Do you know what your fly is doing? (Streamer Edition)

Do you know what your streamer is doing? I mean, do you really know how deep it is, how fast it’s sinking, how fast (or slow) it’s moving, and in which direction(s)? I think many anglers don’t. It’s a trap I’ve fallen into more than once, but there’s a clear way out of it.

Many years ago I tied up a streamer called the Hi-Liter. Part of its raison d’être was to be easily seen (its colors are hot pink and chartreuse) not just by the fish, but by me. I used the Hi-Liter to get a better visual handle on where the streamer actually was. A few years later I was interviewing George Daniel, and I was pleased to discover that he was doing the same thing. I’ll let George pick up the story:

“Take your favorite streamer, tie it in a bright, obnoxious color and fish it. You’ll be amazed to see what level and direction your fly is moving. You’ll learn a lot by changing the leader length, retrieve, and type of fly line — and that will allow you to really dial in your presentations.”

I spent a good chunk of time yesterday on the Housatonic, perched above the water on a rock, doing just that. The water was low and exceptionally clear, with none of the normal tea tinge that river usually displays. Not only did I get to observe and experiment with presentation, I also got to witness how smallmouth attack a streamer.

I used a white tungsten cone head Woolly Bugger for my experiments. The closing and attack speed of smallmouth is astonishing. One moment, your streamer is in isolation. In the blink of an eye, a shadow materializes at lightning speed out of nowhere. Smallmouth are classic ambush predators, attacking from below, behind, from an oblique blind side — or any combination thereof. You cannot strip a fly faster than they can swim, although they do not always want to chase and eat. I had several tremendous hits after I performed a combination of rapid long strips, then let the streamer begin to settle. WHACK! Where you cast is also important, as I had a good half dozen takes moments after the streamer hit the water.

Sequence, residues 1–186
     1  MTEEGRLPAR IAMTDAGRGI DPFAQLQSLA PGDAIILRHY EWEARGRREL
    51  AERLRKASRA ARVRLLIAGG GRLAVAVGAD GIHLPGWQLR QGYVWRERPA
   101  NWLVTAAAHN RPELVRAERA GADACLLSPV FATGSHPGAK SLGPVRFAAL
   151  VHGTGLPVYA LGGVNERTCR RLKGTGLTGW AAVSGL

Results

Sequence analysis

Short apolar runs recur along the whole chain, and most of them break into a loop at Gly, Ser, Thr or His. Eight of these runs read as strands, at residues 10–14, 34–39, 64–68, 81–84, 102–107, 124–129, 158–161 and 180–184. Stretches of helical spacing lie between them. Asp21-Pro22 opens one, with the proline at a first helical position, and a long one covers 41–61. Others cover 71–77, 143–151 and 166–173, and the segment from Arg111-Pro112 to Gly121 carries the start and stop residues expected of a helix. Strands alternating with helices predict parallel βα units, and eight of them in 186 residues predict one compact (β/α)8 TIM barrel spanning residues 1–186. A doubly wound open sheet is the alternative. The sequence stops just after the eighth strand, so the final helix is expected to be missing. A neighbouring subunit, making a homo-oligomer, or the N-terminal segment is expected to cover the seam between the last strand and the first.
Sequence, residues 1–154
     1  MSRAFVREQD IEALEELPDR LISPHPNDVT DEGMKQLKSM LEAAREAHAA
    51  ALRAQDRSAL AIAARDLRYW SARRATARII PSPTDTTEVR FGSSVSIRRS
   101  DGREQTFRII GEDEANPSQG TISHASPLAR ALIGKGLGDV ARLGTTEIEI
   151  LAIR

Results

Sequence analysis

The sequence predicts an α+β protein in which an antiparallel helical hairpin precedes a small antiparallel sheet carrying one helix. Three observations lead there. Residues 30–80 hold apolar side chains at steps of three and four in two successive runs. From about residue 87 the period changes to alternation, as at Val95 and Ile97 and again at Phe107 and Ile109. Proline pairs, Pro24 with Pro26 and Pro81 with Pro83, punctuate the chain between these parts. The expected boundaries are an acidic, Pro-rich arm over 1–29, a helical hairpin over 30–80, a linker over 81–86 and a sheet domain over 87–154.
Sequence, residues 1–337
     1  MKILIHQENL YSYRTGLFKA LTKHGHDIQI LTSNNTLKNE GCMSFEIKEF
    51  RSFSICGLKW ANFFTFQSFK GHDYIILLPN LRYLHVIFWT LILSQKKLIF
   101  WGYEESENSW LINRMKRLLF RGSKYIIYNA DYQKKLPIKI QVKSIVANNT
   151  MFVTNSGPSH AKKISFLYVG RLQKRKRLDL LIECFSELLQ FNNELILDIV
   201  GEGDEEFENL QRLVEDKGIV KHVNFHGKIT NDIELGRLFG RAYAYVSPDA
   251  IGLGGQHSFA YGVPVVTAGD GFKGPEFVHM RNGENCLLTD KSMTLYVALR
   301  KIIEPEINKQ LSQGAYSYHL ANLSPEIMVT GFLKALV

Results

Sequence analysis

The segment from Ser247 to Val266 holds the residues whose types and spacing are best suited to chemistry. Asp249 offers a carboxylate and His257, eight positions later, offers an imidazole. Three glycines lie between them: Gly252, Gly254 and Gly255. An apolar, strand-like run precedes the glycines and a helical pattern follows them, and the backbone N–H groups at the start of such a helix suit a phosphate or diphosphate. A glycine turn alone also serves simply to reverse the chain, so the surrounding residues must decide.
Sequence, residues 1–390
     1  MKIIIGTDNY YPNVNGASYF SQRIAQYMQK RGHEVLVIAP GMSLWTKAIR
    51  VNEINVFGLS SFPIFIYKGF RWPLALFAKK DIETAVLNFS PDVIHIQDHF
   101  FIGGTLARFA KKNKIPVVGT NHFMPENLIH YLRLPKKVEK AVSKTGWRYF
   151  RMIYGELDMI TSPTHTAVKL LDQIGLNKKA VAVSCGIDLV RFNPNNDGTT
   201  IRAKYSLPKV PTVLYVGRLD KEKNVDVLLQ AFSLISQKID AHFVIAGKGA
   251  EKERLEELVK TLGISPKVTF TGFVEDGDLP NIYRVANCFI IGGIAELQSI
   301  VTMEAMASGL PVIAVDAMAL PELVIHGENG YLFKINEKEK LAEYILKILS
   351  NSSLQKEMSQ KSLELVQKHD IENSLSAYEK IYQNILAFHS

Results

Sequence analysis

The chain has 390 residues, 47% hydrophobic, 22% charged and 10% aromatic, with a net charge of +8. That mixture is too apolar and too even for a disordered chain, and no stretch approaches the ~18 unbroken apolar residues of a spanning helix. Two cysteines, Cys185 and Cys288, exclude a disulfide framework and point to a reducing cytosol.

Housy Smallmouth Report: Crazy 8s

Yesterday was 8/8/16, a nice bit of numerology even if you’re not mathematically inclined. (For the record, I am not. But I do love and am attuned to numbers.) Water flow was a low 178cfs, voluminous compared to the current trickle that is the Farmington. And warm. Mid-to-upper 70s warm. (I can confirm this from personal sampling as I managed to fall into the river twice. A treacherous wade, that TMA.) There is something to be said about the cooling effects of wet wading inside your breathable Simms on a hot, sunny day.

To the fishing. I am not long on smallie experience, but I am a quick study. Here’s what I can tell you.

I fished from the general area of the West Cornwall covered bridge down to the Rt. 7 bridge. Six hours, 3pm-9pm. My M.O. was fish, drive, park, repeat. While the sun was up, the bass were, without exception, in brisk, moving water. They also tended to be on the small (5″-7″) side. I found players in every run I fished.

A smallmouth that Goldilocks would have loved. I like how the surface blends with the depths. The Hous is a weird-colored river.



Fly selection was irrelevant. Bright white and fluorescent chartreuse? Loved it. Muted earth tones? Attacked it with prejudice. Horrible, dreadful pattern (like the TeQueely)? Total annihilation. The only fly I didn’t hook up on was the Gurgler, and that’s because I fished it in daytime and the little guys couldn’t manage the wide gap size 2 hook. This is the first time I fished the Deep Threat for smallmouth, and it was met with unilateral approval.

Crayfish are an anecdotal smallmouth favorite, as are flies in browns/orange/olives/black/etc. The river is loaded with the naturals.



Once the sun dipped behind the hills and trees, the bigger fish action turned on. I lost count of the number of smallmouth I caught long before I took this shot, an attempt at an artsy silhouette portrait. 



The vaunted white fly hatch never materialized. From 8pm-8:30 there was a consistent surface bite, but I had to work for every fish, and quite frankly, what was rising wasn’t worth the effort I was putting in with my Light Cahill dries (12-16). As dusk deepened, I decided to bail on the dries and go surface streamer. First cast toward the bank with the Zoo Cougar and I was on — and I mean on fast and hard. For the next half hour, I was in smallmouth heaven. Pound-for-pound, these might be the hardest fighting fish I’ve ever experienced. Tremendous sport.

My biggest smallmouth came as night settled in over the water. Sadly, he slipped the net while I was getting my camera ready, so you’ll have to be content with this shot of his younger brother.



You know how sometimes on the drive home from the river something doesn’t sit quite right with you? Sure, you caught fish, but you may have LDRed a good one. Perhaps you lost a favorite fly on the bottom. Maybe there was that one fish you just couldn’t fool. You’re glad you got out, but there’s that little negative something inside that keeps gnawing away at you — and in a way, it wrecks the whole thing?

This trip wasn’t one of those.